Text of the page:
PE: Take us through the process of your creation.
JM: I started with sculpting the face and hands in modelling clay, using historical pictures of St. Bernadette and pictures that people have taken of her body, which is preserved and displayed in a crystal coffin at a convent in Nevers, France. That process alone took almost 100 hours. I then moulded it in silicone and had it cast in resin, finished with acrylic paint, and applied animal hair fibres from a brush for the eyelashes and eyebrows. The body has a skeleton made with wood and copper tubing that was cut and put together by my dad. I covered it in spray foam and carved it to create the shape of the limbs, then wrapped in duct tape. The body is dressed in polyester fabric that I altered to match St. Bernadette’s clothes. The statue also has three custom-made pillows made from imported silk brocade fabric. The project took from November to April, but the hours spent on the project totalled up to almost one month. There were a lot of difficulties accomplishing the project because this is my first life-sized work and the first time that I attempted the style of hyper-realism. Getting the facial features correct so that it looks like St. Bernadette’s actual face was painstaking. It was also the first time I used a sewing machine.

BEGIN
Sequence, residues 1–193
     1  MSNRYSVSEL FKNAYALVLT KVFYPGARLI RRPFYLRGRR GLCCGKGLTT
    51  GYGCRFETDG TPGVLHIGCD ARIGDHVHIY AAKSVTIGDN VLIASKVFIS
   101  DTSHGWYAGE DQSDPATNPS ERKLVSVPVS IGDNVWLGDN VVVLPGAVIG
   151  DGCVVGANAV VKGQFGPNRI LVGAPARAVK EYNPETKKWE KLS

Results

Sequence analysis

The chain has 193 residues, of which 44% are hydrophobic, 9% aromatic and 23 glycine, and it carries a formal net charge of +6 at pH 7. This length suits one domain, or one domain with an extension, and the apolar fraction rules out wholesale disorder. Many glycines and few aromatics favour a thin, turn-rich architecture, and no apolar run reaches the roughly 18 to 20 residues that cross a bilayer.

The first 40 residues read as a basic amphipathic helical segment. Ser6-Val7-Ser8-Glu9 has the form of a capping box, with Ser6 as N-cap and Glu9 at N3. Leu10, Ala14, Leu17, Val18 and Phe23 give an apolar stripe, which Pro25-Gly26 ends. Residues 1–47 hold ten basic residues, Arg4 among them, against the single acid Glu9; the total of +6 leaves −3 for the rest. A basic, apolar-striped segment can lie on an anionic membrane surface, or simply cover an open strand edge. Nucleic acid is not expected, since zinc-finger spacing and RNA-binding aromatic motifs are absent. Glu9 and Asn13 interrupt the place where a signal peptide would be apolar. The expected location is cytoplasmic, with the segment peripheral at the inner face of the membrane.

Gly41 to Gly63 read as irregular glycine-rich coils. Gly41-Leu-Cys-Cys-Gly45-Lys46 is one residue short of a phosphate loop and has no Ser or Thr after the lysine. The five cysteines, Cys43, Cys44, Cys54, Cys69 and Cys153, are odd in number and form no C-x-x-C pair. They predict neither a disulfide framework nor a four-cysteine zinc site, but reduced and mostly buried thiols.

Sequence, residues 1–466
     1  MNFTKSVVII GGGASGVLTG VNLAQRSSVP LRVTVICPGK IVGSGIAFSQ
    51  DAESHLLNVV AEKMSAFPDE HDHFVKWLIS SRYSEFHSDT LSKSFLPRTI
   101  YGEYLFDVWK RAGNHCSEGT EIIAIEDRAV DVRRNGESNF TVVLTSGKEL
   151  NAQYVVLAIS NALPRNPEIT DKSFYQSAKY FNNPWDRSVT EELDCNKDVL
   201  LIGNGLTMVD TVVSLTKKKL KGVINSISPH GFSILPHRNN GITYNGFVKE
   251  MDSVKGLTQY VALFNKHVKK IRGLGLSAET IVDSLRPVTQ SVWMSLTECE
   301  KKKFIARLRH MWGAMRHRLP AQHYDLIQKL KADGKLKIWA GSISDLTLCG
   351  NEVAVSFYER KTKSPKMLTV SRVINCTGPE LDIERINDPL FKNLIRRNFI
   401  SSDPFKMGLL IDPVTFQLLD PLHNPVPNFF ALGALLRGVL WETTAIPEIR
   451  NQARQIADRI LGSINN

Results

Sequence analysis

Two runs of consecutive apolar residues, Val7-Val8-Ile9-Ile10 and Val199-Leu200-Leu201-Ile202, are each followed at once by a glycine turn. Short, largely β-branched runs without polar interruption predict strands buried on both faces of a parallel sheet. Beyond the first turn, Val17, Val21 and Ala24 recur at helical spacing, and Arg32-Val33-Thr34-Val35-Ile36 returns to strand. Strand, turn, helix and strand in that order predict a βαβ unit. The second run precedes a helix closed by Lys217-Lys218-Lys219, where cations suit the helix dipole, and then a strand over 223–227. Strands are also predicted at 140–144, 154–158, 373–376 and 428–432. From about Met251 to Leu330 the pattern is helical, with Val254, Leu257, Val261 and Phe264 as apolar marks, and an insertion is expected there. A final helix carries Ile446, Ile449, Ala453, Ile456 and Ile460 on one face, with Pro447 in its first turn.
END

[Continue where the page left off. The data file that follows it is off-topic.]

PE: What was going through your mind during the process and afterwards?
JM: It was stressful getting it accomplished because I really pushed myself to create this one-of-a-kind piece to restore hope to people who were upset by the theft. The figure of St. Bernadette is also important to the shrine in general because the story of Lourdes revolves around her personal story; the reason the shrine was built in the first place. During the process I had unwavering faith in myself, and it was rewarding when I finally had it finished because it got a lot of attention from the media. Everyone online was very supportive and encouraging of the final product. I was really proud of myself and in a state of disbelief because I never would have imagined that it would turn out as beautiful as it did.
PE: What does this mean to you, as a roman catholic, as an artist